In the early days Bruce Springsteen would hang his hat wherever he could. Whether it was at his family home at 87 Randolph Street in Freehold, above an old beauty salon in Asbury Park, a couch in a friend’s home or a friend’s parent’s home, he went where he was welcome.

Bruce finally journeyed out on his own and rented a small house in Long Branch, in the West End section on West End Court. The house was so small that the address had a ½ after the number.

Bruce in an interview said that he finally felt like he was becoming an adult after renting this house. He was finally on his own. He had solitude and peace. No one to tell him what to do, no one making noise or interrupting his lifestyle and no one to share a bathroom.

He was 24 years old when he moved into that house and now found the perfect surrounding to write what some music critics call “The best Rock and Roll album of all time.”

It was this house where he would change his destiny and etch himself into the annals of Rock and Roll history. The house had an old stand up spinet piano that was located in the front room, you could call it a living room but it was small and the piano faced the street.

The house sparsely decorated with a small kitchen and a small bedroom. On that piano in the front room, Bruce Springsteen wrote the entire album Born to Run. After a few sessions of lyrics and playing it out, he would bring in E Street Band members to go over the new songs and when he finally thought he had it right he headed to the studio.

After finishing the writing of all the songs he had all the band members of the E street band sign that spinet piano. Bruce signed it too. When it was time to move on Bruce couldn’t get the piano out of the house and had no where to put it. He left that piano in that house. The landlady, an older woman, had it destroyed and junked. So somewhere in a Jersey landfill lays a big part of music history.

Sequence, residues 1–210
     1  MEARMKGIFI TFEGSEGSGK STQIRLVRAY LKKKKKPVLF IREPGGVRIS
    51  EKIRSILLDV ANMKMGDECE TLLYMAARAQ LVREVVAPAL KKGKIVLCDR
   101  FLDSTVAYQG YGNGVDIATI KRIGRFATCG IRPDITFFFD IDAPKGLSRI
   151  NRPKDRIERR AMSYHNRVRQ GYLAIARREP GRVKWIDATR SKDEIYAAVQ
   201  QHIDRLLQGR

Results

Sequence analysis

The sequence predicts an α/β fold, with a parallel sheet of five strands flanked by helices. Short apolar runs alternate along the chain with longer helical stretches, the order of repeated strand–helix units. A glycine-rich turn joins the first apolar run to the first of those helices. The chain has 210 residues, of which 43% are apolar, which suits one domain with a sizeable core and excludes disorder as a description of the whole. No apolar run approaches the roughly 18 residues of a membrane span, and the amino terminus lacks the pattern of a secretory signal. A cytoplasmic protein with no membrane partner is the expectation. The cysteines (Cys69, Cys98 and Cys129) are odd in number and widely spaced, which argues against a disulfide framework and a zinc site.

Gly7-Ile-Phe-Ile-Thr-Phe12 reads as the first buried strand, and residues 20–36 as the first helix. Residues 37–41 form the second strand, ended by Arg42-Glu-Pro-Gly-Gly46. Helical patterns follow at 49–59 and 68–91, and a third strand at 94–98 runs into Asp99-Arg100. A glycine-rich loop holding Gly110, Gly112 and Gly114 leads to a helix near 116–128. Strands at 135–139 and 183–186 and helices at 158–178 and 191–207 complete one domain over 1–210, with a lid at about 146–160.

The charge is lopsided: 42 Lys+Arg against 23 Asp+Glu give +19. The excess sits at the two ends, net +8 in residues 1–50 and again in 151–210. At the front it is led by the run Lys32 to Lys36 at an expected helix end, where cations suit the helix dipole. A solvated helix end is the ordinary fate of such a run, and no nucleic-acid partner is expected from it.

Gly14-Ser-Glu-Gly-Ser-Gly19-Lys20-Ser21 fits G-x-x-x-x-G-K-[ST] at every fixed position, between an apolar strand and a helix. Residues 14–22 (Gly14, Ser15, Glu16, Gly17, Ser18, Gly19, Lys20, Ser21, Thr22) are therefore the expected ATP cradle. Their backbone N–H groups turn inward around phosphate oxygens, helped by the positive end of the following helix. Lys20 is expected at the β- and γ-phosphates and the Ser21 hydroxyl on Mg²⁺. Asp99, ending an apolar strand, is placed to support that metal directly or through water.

That process of recording his new Born to Run songs would take months, many months and was in this process when Steve Van Zandt was just friends with Bruce and helped him produce Born to Run, eventually joined the E Street Band.

I’m very familiar with the Born to Run house (the video above is from 2016.) Years ago I casually mentioned to my boss at the radio station that “The House” was up for sale. He was very curious and had me set up an appointment with the real estate agent to take a tour of the house and inquire about the price.

Our thoughts were to turn “The House” into a historic place of interest and raise money for charity. They wanted $252,000 for that house. About $100,000 more than the house was worth but because of its historic background they were adding a few more dollars to the cost.

After many meetings with the Long Branch City Council, the Mayor, Bruce’s attorneys and more meetings at the radio station it just wasn’t in the cards to do what we wanted to do. It was fun going over the history and spending time in that house. There’s been a few times when I leave my planned travel path to stop by and see the house that was “Born to Run”.

This Week in Music History — May 29 - June 4